May 21, 2014
Enforcing Public Dress Codes: Discrimination, Health Issue or Just Plain Nonsense?
We’ve all heard sayings such as, “You can’t judge a book by its cover” and “Clothes don’t make the man,” but countless studies and commonly held perceptions have added a bit of falsehood to these traditional quips.
The most recent cases of bans on saggy pants lend a nod to an issue of fashion that goes beyond perceptions and into the legal realm, with a city in Tennessee seeking to fine men $25 for their first offense, a Florida city including women in reprimands (with a fine of $250 for all offenders), and several other cities, including Wildwood, N.J. with a law already on the books for what can now be deemed in some locales as more than a dress code violation. (Two men in South Carolina were allegedly arrested for not pulling up their pants, according to reports.)
Critics of the ban have likened it to discriminatory law enforcement practices such as New York’s Stop & Frisk. A Louisiana ACLU leader said bans in the state violate state law, “which prohibits regulation of ‘obscenity’ by local authorities,” and ACLU of Florida called plans for Opa-Locka’s legislation “a ridiculous waste of public resources” that would “disproportionately penalize African-American youth” and “impose overly harsh penalties for victimless behavior.”
Proponents have said the bans are a matter of public safety, civic order and citizens’ health. Some have said that the bans have little to do with racism, citing examples of people of all ethnicities who wear their pants baggy. One Florida school board member is even pushing for parents to be required to follow school dress codes and refrain from wearing saggy pants, among other attire deemed inappropriate. (It’s quite telling that the school board, according to reports said it will continue to discuss the issue, but cannot force parents to obey.)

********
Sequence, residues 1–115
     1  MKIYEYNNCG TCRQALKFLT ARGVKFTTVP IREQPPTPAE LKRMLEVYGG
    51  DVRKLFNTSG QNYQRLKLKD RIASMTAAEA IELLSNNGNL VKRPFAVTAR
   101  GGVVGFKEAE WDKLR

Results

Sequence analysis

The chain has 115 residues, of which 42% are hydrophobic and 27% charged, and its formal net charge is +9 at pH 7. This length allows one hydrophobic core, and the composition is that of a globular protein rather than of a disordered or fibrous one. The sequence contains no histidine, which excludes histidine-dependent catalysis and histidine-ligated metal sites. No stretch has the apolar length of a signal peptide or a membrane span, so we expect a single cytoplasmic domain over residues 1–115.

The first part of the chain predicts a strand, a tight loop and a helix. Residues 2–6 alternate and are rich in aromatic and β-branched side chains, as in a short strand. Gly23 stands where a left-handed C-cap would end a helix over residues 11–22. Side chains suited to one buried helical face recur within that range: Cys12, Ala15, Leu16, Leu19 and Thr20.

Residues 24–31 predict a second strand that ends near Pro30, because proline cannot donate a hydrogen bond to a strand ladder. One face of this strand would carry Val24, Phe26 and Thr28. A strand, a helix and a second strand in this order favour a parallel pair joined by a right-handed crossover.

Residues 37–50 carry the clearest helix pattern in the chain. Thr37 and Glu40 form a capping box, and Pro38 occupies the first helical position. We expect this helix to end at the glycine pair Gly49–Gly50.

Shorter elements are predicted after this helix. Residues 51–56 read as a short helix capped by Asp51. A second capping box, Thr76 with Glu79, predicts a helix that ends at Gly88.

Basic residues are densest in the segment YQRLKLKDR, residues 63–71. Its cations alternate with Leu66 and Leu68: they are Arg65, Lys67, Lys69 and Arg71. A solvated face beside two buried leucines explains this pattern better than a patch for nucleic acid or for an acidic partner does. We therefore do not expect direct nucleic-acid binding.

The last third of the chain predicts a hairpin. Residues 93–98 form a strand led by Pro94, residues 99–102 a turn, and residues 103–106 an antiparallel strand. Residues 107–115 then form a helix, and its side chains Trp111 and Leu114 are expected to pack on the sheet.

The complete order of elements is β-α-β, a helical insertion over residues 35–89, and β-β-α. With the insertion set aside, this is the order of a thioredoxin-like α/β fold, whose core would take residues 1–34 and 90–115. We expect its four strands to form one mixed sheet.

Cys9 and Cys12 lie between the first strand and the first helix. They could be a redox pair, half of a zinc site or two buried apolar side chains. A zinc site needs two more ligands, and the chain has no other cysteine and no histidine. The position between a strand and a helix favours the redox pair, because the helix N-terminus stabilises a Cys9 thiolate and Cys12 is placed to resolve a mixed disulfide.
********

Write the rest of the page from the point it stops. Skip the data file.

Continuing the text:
In terms of today’s business world, countless research has reflected how one’s attire canlead to perceptions and judgments on success, trustworthiness, criminality, employability, discrimination—some based on stereotypes, some backed by research and others fair assessments.
Black Enterprise readers recently weighed in on the perception of a man in a baggy suit versus one in a tailored version, with a majority polled indicating they perceived the one in the tailored suit as more successful and trustworthy.
Many companies have written policies on dress code and employees agree to adhere to them when they sign on to take the job, whether it’s a suit, uniform or creative free-for-all. Dress codes often reflect the culture of a company, their branding and how they conduct business, but it’s often debatable as to what’s right, wrong, legal, or discriminatory, and some debates are settled via a judge. (Remember the Iowa woman who was fired for being “too sexy” in her manner and dress?)
It seems that these new measures not only add more to the duties and obligations of already bogged-down courts, jails and law enforcement, but send a message to its constituents that they can be harassed and arrested for almost anything, including something as subjective as offense in terms of style. (And, is alarming unemployment, climbing crime rates, global climate woes, women’s inequality, public health disparities and fiscal challenges not already piled up on the political and legislative plates of the nation? If the U.S. is already stuffed from 10-course meal of problems, why add yet another appetizer?)
The question remains: Employee recourse lies in whether they were aware and agreed to a specific dress code in the office, but are everyday citizens—during their free time—next? Should dress codes be part of municipal law and are they warranted? If it’s sagging pants today, could it be red hair, body art or crop tops next? Will fashion policing truly be a job?
#Soundoff: Do you think the sagging pants bans are ridiculous, warranted or discriminatory? Take our poll below and share your insights via Twitter by following me @JPHazelwood.